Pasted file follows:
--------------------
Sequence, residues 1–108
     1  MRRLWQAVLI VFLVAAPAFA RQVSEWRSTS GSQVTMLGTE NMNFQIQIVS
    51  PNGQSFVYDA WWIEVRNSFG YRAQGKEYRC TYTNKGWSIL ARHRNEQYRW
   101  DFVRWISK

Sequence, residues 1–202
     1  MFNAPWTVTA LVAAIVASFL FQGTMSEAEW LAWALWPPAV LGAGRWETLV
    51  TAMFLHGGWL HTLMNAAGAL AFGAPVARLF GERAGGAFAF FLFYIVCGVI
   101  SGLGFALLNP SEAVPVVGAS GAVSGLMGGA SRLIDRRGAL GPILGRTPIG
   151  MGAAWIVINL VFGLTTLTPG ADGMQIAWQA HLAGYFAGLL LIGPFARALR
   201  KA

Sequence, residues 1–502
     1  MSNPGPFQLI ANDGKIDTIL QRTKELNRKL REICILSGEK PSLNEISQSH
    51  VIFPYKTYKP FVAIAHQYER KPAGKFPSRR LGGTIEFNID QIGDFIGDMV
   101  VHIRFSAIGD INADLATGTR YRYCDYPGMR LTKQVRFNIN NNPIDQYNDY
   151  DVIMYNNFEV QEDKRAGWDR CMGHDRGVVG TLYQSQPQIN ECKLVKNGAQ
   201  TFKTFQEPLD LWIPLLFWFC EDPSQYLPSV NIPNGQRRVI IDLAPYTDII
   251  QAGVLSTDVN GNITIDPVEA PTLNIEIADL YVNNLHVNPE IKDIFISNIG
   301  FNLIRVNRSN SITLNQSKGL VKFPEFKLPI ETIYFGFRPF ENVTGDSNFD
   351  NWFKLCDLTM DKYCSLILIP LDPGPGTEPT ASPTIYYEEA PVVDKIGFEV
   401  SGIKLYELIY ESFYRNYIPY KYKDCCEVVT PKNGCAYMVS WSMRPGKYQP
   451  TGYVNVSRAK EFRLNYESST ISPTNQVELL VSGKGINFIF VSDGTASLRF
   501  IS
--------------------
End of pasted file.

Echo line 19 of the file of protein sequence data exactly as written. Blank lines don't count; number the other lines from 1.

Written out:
   351  NWFKLCDLTM DKYCSLILIP LDPGPGTEPT ASPTIYYEEA PVVDKIGFEV